Faithlife Sermons

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! Introduction
My father was a professional photographer.
He loved photography and he was good at it.
My brother has inherited his ability, but he is not a professional photographer, nor is my sister, nor am I.
If my father were alive, I wonder if he would be disappointed that none of his children became photographers?
I have been a minister all of my working life.
One of my sons is a part time pastor to youth.
If he should not be a youth pastor one day, I would not be disappointed because following in my career is not the greatest passion I have for my children.
What is my greatest passion for my children is that they love Jesus and that they serve Him with their gifts.
Job is a great example of a man who was deeply concerned that his children be in a right relationship with God.
We read in Job 1:5 that whenever his children would have a period of feasting, “Job would send and have them purified.
Early in the morning he would sacrifice a burnt offering for each of them, thinking, ‘Perhaps my children have sinned and cursed God in their hearts.’”
I don’t know what your greatest desire for your children is, but I suspect that you too want them to follow God faithfully.
If so, is there anything that we as parents can do to help our children move in that direction?
Near the end of March a group of people from this church attended the “Faith at Home” conference.
One of the issues addressed at this conference was that of passing faith on to our children.
We were invited to ponder, “Who has the greatest influence on the faith formation of children?” “How can families be well equipped to pass faith on to their children?”
“How can the church help families fulfill this important role?”
These are the questions which I would like to think about with you this morning.
We will look at Scripture and other sources to learn that the home, not the church, is the primary place where faith is passed on.
We will see that a living example is the most powerful teaching tool and we will think about some of the practices which help parents fulfill their role in nurturing faith.
In that context, we will invite you to fill out the survey which you have received this morning.
It will be a way for us to find out which skills we need to emphasize in order to be better able to pass faith on to our families.
I.                   The Home Is the Primary Place Where Faith Is Passed On
In 1994 a group in Switzerland conducted a survey to determine whether a person’s religion carried through to the next generation and, if so, what, if any, were the critical factors.
They discovered that there is one overwhelming critical factor: the religious practice of the father of the family that, above all, determines the future attendance at or absence from the church of the children.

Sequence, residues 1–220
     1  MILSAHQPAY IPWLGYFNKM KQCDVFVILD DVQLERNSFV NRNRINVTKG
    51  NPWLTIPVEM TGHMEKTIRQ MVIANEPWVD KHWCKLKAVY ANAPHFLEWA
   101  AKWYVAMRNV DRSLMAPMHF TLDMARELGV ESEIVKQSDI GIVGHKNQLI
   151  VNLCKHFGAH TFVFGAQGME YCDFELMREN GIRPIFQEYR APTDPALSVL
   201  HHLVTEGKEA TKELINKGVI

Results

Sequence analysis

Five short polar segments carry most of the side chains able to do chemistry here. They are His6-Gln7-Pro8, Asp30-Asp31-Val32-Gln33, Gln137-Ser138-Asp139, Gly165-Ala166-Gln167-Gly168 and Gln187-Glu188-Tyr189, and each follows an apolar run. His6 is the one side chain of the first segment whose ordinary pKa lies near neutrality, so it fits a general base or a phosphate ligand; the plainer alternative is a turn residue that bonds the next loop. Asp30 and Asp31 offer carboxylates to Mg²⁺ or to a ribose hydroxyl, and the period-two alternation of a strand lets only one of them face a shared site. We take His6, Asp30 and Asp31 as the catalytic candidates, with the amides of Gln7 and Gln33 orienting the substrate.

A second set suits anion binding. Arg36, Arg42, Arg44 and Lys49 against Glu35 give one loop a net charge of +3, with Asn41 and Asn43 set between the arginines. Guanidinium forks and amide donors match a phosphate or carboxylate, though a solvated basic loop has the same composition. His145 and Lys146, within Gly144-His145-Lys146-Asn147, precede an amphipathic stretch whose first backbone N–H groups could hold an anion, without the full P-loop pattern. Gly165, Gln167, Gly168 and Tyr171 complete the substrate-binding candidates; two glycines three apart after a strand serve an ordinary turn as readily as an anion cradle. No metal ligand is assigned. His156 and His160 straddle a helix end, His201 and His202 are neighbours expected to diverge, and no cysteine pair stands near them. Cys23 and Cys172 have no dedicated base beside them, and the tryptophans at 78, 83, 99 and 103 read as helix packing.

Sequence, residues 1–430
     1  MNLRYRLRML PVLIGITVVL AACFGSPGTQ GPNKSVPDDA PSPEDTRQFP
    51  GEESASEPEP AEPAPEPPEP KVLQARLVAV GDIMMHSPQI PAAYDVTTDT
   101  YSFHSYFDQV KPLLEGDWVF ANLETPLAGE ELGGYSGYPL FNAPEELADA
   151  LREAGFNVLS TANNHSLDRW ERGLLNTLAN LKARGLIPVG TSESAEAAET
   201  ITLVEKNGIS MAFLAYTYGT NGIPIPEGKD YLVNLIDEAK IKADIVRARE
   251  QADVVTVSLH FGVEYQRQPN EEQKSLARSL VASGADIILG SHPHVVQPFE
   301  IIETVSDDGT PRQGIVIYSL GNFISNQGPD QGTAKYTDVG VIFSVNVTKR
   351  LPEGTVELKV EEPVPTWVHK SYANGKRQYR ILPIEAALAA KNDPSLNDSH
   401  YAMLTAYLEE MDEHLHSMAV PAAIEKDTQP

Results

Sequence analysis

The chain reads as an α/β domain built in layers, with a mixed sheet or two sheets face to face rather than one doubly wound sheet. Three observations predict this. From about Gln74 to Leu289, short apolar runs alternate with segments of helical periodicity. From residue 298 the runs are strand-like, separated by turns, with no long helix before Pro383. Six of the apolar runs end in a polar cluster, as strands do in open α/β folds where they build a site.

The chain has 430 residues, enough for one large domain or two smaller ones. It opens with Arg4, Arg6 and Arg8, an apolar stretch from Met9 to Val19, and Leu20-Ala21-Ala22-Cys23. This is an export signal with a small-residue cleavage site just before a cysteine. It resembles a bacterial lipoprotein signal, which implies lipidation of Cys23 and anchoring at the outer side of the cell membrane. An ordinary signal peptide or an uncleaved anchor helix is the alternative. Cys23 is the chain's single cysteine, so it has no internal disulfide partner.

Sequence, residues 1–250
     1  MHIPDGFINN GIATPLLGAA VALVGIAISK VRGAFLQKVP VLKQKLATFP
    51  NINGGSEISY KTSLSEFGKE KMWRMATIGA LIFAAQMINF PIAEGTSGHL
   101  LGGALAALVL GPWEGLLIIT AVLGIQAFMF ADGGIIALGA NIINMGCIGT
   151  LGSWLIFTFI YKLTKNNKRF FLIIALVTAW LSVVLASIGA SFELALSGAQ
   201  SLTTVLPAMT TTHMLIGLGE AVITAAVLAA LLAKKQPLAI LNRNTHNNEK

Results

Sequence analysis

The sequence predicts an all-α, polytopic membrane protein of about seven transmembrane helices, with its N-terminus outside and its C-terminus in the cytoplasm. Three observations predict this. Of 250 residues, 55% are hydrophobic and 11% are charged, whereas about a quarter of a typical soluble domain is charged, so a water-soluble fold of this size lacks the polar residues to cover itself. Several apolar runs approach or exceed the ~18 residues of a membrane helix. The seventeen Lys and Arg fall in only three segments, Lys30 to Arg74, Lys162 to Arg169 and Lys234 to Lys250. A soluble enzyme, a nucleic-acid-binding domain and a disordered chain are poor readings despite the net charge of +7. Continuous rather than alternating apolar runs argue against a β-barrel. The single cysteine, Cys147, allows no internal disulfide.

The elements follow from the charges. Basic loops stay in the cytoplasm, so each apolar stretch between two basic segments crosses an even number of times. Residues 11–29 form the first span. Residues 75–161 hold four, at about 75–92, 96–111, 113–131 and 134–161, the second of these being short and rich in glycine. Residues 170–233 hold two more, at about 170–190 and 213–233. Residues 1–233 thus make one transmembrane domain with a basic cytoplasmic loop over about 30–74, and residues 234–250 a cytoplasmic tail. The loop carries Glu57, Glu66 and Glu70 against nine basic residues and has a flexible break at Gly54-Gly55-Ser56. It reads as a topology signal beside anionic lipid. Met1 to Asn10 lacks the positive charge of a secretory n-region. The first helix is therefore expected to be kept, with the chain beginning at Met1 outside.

In the book, “Building Faith at Home” Mark Holmen quotes a survey in which mainline protestant youth in grade 12 were asked the question “what has been the most significant religious influence in your life.”
Of those who responded 75% identified mother as one of the top five answers, 51% had fathers, 49% mentioned pastors, 34% - youth group.
Friends came in at 31%, the Bible was mentioned 26% of the time as one of the top 5, the churches Christian Education program was in the top five 25% of the time, camp and Sunday School teachers came in at 23 % and grandparents at 22%.
The overwhelming evidence of this survey was that the most significant influence towards knowledge of faith and adherence to faith is the home.
We put a lot of emphasis on the role of our Christian Education programs like Sunday School, AWANA and youth programs, and they do have an important place, but the evidence strongly indicates that parents are the most influential.
What we need to remember is that these survey results refer to grade 12 students.
Although the results were not much different among younger grades, it is interesting to note that at a time when we often assume that parents are losing influence on their children and when peers and youth leaders may have a greater influence, the most powerful influence towards faith was still parents.
The Bible teaches us that this is the way it should be.
The Bible teaches us that we are to teach one another, but when it comes to children, the Bible always puts the responsibility of training children in the ways of God on the parents.
One day when God was having a conversation with Abraham, we have a glimpse into the mind and purposes of God.
We read in Genesis 18:19 what God says about Abraham, “For I have chosen him, so that he will direct his children and his household after him to keep the way of the Lord by doing what is right and just, so that the Lord will bring about for Abraham what he has promised him.”
God chose Abraham so that he would teach his children the way of the Lord so that He could bless Abraham and his descendants.
The same theme is found in Deuteronomy 4:9, “Only be careful, and watch yourselves closely so that you do not forget the things your eyes have seen or let them slip from your heart as long as you live.
Teach them to your children and to their children after them.”
In the New Testament Paul instructs disciples of Jesus in the same way.
For example, Ephesians 6:4 says, “Fathers, do not exasperate your children; instead, bring them up in the training and instruction of the Lord.”
George Barna writes, “A majority of churches are actually guilty of perpetuating an unhealthy and unbiblical process wherein the church usurps the role of the family and creates an unfortunate, sometimes exclusive, dependency upon the church for a child’s spiritual nourishment.”